As a Black leader, I questioned why we were not developing deep relationships, bonds, and connections with our Black students. Since they were entering and exiting my office at such a high rate, I had an opportunity to meet their families, learn about their joys, their fears, what excites them, and even learn about their dreams. I then observed that disproportionate discipline was impacting African-American students all throughout our district, region, state, and nation, impacting their sense of belonging, sense of self, and sense of academic identity. This hurt me, and I needed to do something about it.

William Jackson shares the story of generational impact of the Black male experience. Journey with William as he reflects on the relationship with his father and nephew. William shares his navigation of Blackness in America, the current purpose and impact of the US schooling system, and the possible #futurity of learning for Black students and future generations. 


The author shares her narrative of helping a Black family navigate the public school she leads, and the conflicts that arise between system and family.

I don’t remember January 8th, 2002 – like many of my childhood memories, they are hard to remember for a reason. From what I can recall of my formative days, I was fortunate to have spent most of it with my nose in book, which provided me with some semblance of protection. After all, if not reading, I had to face the very real monsters that lived inside my own head. I knew that for those looking in, the only monster they could see was me, and I guess that books helped ease that pain too. Eventually my teachers, who were ill equipped to meet my needs, utilized my love of reading as behavior management tool: Hand me a book and my ability to completely derail your lesson, disappeared. Thus, I spent most of time in school reading; in the back of the classroom, in the hall, in the opportunity room, on the couch outside of the principal’s office…I was doing socially distant, youth led learning before it was it cool. I read instead of going to math class, playing at recess, or engaging in class discussions. I didn’t make friends easy, but I didn’t need them when I had books.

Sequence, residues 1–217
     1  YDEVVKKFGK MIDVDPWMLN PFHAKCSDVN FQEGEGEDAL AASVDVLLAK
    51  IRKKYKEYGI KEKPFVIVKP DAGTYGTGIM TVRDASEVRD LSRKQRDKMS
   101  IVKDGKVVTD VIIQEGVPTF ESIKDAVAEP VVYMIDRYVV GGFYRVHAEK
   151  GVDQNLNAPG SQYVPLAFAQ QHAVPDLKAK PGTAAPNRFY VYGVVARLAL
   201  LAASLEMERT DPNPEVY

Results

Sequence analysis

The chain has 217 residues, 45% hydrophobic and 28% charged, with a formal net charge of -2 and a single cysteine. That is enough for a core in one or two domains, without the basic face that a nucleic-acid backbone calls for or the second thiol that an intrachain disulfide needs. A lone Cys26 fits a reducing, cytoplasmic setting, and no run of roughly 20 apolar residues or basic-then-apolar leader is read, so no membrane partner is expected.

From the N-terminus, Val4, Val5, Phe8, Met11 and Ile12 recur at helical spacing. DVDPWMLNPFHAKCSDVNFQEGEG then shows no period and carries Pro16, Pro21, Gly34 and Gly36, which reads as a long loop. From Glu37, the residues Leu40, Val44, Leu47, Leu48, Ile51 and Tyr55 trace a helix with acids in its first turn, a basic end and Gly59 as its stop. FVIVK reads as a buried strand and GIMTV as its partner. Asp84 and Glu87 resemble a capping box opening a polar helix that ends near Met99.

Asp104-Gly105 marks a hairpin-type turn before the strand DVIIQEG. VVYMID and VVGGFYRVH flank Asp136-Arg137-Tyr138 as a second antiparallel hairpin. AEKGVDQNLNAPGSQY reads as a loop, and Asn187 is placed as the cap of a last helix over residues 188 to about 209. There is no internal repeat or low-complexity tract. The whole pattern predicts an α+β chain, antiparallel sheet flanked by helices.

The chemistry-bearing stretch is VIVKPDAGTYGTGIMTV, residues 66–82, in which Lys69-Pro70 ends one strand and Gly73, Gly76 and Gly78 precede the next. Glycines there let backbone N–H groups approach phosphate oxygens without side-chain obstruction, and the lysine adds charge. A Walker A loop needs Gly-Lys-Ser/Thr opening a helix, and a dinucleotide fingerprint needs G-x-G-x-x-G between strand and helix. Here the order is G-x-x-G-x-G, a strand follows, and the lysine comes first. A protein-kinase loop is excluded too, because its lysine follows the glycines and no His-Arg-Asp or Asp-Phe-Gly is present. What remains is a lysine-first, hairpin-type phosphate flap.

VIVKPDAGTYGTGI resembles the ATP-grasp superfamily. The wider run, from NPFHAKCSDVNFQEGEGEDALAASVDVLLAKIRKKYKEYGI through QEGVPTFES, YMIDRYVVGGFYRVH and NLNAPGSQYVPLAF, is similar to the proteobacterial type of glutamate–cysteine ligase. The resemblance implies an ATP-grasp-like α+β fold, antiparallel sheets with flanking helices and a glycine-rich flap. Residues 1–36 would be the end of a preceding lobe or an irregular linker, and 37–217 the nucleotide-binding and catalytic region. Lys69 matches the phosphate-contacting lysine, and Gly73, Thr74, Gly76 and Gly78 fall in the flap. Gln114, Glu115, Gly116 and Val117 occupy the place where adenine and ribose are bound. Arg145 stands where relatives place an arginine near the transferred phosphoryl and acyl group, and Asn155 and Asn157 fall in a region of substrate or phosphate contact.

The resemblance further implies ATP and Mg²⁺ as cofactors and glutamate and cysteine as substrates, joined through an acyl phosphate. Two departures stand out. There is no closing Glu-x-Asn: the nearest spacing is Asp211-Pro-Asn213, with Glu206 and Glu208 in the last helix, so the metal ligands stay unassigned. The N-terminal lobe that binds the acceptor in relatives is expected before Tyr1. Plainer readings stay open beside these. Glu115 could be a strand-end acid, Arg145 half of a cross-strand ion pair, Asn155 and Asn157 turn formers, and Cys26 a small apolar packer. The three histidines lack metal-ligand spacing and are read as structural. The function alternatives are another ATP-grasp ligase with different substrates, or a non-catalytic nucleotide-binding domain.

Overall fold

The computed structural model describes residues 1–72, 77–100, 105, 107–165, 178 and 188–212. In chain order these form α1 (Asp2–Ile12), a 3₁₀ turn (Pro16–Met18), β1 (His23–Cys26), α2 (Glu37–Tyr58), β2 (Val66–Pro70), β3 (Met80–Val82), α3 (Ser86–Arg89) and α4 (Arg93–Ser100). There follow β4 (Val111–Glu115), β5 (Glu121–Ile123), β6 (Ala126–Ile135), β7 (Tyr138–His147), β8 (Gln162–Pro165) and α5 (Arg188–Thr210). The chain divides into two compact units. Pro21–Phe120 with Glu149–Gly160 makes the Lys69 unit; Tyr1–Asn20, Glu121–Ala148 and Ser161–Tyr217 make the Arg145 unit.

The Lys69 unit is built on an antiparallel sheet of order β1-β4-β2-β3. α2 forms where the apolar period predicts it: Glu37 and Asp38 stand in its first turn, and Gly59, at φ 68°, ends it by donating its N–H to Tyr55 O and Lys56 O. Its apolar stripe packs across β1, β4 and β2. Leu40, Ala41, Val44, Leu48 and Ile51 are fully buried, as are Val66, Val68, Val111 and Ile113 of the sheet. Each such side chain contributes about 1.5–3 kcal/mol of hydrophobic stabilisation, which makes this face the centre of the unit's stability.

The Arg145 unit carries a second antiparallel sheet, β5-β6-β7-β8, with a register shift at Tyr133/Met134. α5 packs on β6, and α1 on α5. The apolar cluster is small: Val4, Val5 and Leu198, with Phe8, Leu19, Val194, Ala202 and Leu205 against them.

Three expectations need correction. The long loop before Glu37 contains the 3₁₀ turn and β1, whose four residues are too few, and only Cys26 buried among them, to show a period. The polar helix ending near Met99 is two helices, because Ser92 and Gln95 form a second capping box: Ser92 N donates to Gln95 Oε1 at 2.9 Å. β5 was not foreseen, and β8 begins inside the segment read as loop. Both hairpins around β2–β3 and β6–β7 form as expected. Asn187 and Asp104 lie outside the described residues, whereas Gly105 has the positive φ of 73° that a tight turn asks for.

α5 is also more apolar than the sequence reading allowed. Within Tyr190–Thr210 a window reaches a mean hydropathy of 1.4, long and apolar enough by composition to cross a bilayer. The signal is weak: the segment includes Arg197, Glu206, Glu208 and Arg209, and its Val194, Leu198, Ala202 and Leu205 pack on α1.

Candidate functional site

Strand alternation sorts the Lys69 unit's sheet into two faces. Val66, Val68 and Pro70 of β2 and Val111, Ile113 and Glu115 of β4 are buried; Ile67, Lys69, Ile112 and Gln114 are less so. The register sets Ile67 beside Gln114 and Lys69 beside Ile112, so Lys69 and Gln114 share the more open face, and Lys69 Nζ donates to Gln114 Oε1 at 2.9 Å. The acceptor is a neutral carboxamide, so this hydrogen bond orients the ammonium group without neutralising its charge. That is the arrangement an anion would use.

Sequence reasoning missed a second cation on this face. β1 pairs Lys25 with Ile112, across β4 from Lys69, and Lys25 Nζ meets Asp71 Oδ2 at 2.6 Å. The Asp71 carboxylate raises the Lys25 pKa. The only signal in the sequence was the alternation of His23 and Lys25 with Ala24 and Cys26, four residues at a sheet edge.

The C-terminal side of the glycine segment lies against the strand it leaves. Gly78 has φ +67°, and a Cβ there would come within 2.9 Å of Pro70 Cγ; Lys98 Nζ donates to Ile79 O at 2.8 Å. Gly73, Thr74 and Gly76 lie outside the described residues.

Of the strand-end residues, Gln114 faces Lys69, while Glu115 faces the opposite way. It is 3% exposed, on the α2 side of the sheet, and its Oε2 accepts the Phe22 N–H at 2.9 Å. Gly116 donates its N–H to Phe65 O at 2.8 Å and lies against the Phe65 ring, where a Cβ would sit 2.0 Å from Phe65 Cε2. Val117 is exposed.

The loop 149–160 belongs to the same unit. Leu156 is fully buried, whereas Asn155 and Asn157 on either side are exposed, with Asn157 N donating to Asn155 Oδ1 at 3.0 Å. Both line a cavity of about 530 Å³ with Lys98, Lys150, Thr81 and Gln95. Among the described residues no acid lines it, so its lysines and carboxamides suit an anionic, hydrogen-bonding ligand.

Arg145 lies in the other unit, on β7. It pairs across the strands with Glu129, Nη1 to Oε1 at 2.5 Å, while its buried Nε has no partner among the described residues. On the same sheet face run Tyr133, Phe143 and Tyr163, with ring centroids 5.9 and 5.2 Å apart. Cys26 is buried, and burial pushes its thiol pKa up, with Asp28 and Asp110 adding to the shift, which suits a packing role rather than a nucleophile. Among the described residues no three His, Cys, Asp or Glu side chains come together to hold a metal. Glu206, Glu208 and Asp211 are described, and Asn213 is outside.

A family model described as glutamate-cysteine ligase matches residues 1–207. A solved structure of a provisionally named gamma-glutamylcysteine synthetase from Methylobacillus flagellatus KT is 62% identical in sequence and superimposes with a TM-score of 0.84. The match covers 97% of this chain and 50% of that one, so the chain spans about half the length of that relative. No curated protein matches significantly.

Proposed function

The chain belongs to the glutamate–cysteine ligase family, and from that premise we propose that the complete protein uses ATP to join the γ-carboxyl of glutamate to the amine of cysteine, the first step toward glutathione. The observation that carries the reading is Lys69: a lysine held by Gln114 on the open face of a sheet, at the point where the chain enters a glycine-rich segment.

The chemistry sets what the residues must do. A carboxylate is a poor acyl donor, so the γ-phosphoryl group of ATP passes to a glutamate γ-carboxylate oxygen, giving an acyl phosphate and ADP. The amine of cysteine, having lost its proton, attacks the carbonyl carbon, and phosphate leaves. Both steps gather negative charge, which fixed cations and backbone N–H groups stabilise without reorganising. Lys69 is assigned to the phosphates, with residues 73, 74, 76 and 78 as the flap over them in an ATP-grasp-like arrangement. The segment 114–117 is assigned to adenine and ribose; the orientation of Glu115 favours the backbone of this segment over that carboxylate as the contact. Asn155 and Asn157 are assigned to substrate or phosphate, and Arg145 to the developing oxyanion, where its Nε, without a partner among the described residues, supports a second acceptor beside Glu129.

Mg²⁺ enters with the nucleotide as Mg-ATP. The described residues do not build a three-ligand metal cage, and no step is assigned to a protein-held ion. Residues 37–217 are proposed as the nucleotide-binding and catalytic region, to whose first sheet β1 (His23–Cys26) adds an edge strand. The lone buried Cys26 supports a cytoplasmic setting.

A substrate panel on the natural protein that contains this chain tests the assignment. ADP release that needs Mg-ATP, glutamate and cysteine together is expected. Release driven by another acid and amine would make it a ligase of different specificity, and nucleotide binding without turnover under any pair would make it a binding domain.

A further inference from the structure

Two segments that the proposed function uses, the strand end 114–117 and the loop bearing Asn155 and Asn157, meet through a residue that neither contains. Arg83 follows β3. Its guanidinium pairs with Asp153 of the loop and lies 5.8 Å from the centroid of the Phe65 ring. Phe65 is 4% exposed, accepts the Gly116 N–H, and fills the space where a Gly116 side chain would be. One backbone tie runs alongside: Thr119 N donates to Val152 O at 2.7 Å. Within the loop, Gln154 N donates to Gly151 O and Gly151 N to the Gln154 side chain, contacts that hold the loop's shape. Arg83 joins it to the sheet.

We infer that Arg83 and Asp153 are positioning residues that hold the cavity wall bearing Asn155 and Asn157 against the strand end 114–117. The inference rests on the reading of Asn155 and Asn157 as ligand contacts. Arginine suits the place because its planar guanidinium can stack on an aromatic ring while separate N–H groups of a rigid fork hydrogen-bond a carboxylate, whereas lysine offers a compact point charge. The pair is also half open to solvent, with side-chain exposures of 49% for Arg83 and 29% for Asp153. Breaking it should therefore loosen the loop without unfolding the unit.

I do remember, however, when the consequences of January 8th, 2002, first showed up. It was the end of high school, and I had to take my summative state assessments. I had never taken state sanctioned tests seriously -- I was the first generation of NCLB; our teachers often framed exams as low-stakes trial runs and I framed it as an opportunity hurry up and read. It wasn’t until that year, where the girl who had a perfect recall of nearly any book she had ever read, was placed into remedial reading based on test scores. It took a while for the teacher to catch on, make a case to the school that I did, in fact, know how to read; eventually I reassessed and scored out, like it was no big deal.

Sally Guzmán

Perspective as Indigenous, Latinx, first-generation educator in the Pacific Northwest, and how educators can be more mindful of bilingual & multilingual colleagues in our fight for equity and an antiracist.

Leading, Learning & Liberation was formed through the leadership of students in L4L Cohort 7 and is a coalition of educators and leaders, joining together to re-imagine schools and school systems. An important characteristic of L4L is the enduring network that exists across cohorts and across time. This is our contribution to that network. It is our plan to leverage our L4L network to move educational systems toward justice in our region and beyond.